THOMAS J. MANTON (November 3, 1932 – July 22, 2006) was a Democratic congressman. He represented the 9th and 7th Congressional District of New York .
* 1 Life and career * 2 See also * 3 References * 4 External links
LIFE AND CAREER
Thomas J. Manton was born in
New York City
Prior to entering politics, Manton held several jobs. He was a New
York City Police Officer from 1955 to 1960, and he then became a
marketing executive for
Manton ran in the Democratic primary for what was then the 9th
District in northern
Manton quietly retired from the Congress in 1998, having already filed for and circulated petitions for re-election. He withdrew on the last day it was legally possible to do so and arranged for his chosen successor, State Assemblyman Joseph Crowley , to replace him on the ballot. Crowley wasn't aware of this until Manton phoned him to tell him his name would be on the general election ballot. Crowley won the election and still holds the seat. Manton continued to serve as the Party Chairman to the date of his death (Crowley now holds that post as well).
Tom Manton was the first major party chairman in the nation to endorse Bill Clinton for President in 1992. As the Co-chairman of the Ad Hoc Committee on Irish Affairs in the United States Congress he was instrumental in obtaining a visa for Gerry Adams to travel to the United States.As a member of Congress Mr. Manton served as a member of the House Energy Committee and was a subcommittee chairman of the House Government Operations Committee that supervised the Capitol Police.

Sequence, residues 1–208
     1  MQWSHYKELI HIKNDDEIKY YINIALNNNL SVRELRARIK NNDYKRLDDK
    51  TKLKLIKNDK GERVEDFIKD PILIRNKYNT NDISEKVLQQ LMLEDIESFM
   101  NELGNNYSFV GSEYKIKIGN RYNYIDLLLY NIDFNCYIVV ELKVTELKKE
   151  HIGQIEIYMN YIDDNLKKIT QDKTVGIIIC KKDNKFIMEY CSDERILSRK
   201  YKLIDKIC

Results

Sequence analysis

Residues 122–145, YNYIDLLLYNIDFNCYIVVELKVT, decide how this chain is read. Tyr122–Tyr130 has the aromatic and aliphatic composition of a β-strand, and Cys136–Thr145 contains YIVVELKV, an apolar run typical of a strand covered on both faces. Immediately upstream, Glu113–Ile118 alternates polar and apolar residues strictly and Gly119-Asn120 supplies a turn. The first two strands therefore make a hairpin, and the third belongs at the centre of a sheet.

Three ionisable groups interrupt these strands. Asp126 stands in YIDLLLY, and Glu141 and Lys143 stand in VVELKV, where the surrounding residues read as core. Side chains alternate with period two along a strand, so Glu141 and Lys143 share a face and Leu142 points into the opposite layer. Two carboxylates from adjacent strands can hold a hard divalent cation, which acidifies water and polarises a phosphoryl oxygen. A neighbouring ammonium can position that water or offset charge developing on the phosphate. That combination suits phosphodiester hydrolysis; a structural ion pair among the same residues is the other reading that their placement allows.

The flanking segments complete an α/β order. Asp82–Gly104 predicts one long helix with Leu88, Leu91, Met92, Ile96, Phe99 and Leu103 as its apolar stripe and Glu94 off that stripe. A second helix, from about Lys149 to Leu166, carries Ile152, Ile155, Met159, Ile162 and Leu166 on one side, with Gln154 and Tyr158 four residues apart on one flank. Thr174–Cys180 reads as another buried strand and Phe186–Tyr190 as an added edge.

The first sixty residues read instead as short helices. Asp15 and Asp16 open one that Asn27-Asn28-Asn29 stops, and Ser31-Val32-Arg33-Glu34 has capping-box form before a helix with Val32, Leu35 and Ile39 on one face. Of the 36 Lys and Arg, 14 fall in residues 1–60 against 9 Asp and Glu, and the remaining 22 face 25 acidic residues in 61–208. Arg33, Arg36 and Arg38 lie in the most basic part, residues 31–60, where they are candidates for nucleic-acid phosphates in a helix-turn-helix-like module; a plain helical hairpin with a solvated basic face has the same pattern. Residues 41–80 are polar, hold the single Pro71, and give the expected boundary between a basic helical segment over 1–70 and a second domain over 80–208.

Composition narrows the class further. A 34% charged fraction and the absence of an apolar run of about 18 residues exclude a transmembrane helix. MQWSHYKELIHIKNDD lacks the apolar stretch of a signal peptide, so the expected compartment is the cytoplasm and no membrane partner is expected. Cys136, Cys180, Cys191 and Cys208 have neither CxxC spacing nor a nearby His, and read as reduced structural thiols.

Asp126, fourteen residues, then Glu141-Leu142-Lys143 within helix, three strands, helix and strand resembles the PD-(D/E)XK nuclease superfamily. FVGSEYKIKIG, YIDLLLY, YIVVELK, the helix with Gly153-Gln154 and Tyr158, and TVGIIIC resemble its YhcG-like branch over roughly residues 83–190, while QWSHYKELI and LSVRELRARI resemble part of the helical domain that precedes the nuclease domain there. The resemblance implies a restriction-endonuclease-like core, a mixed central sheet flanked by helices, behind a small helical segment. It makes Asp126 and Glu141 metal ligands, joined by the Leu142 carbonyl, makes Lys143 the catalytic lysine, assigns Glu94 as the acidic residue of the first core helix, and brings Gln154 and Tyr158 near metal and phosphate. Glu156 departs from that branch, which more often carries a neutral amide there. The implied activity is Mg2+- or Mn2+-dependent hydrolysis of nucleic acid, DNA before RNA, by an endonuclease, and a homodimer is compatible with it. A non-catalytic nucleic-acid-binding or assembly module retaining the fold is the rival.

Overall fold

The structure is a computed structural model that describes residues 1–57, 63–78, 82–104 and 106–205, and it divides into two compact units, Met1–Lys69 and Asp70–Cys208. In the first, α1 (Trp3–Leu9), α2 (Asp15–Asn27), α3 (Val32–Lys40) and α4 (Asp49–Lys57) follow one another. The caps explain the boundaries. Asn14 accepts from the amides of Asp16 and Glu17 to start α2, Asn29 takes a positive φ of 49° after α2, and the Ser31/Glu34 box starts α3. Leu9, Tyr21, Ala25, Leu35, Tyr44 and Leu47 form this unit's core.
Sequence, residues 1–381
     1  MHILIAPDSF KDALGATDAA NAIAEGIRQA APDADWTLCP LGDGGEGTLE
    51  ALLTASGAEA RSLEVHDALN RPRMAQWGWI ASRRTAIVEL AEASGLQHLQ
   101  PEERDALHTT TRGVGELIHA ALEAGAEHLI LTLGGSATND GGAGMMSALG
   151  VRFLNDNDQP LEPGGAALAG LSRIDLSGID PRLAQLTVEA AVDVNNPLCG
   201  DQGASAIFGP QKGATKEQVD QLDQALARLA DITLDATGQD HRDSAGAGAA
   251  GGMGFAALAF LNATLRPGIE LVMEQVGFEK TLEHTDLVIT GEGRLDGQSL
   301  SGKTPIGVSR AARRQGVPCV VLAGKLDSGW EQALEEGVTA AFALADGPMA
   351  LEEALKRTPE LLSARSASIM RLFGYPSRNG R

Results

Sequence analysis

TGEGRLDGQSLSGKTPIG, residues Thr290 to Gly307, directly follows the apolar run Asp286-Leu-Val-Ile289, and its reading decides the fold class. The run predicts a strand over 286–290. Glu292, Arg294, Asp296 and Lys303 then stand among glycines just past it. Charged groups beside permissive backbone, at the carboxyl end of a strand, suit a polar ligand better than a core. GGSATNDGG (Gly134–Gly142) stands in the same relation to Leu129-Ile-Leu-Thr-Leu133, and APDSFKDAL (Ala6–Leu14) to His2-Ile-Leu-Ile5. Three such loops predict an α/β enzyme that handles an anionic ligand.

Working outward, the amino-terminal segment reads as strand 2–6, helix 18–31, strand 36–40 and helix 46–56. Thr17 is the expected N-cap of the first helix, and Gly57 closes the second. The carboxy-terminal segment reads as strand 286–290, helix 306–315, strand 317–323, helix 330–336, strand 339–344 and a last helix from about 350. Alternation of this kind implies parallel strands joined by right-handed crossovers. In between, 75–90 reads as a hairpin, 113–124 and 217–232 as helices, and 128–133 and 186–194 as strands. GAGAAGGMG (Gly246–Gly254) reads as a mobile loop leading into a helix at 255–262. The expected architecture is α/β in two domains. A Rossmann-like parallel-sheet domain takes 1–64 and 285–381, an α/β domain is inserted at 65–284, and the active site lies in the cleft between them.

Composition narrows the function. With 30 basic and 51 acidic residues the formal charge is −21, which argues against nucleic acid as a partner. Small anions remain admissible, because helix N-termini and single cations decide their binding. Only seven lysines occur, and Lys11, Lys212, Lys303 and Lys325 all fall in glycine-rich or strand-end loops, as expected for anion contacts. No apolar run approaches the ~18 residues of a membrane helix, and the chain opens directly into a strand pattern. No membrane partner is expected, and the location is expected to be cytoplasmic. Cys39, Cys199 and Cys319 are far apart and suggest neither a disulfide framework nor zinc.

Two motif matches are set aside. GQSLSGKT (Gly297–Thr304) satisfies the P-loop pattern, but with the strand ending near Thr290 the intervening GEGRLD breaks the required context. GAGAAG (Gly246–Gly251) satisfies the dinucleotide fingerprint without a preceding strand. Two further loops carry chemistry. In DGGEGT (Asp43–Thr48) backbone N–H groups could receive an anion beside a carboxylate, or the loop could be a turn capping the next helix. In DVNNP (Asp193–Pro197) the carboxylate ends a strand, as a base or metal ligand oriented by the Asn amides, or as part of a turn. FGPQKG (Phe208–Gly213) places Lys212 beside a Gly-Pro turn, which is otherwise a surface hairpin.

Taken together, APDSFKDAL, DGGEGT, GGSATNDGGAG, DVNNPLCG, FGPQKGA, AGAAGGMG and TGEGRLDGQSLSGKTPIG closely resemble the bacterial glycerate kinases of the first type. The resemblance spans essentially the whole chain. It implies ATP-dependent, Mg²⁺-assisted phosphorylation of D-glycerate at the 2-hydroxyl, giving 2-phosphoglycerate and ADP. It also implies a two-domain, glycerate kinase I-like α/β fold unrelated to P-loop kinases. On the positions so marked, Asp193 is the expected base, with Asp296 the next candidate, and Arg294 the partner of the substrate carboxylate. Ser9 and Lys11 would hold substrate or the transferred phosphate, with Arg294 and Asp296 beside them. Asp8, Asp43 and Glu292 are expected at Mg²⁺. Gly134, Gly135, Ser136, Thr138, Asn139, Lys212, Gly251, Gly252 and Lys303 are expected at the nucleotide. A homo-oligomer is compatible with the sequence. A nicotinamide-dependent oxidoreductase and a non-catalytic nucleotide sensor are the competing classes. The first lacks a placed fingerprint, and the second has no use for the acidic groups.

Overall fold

His last vote in the House was to vote against the impeachment of President Bill Clinton.
He lived in the
Thomas Manton died on July 22, 2006, following a battle with prostate cancer .
Thomas J. Manton Post Office in Woodside, New York was named in
his honor after his death. Also a 20 block stretch of
* Biography portal
United States Marine Corps
* "Thomas Manton, former congressman from New York, dies",
July 23, 2006
Thomas J. Manton Dies; Ex-Congressman Was 73", by Sewell Chan,
July 23, 2006,
New York Times
* ^ "Many Foes May Struggle To Replace Rangel". The New York Sun. August 4, 2006. Retrieved November 11, 2014. * ^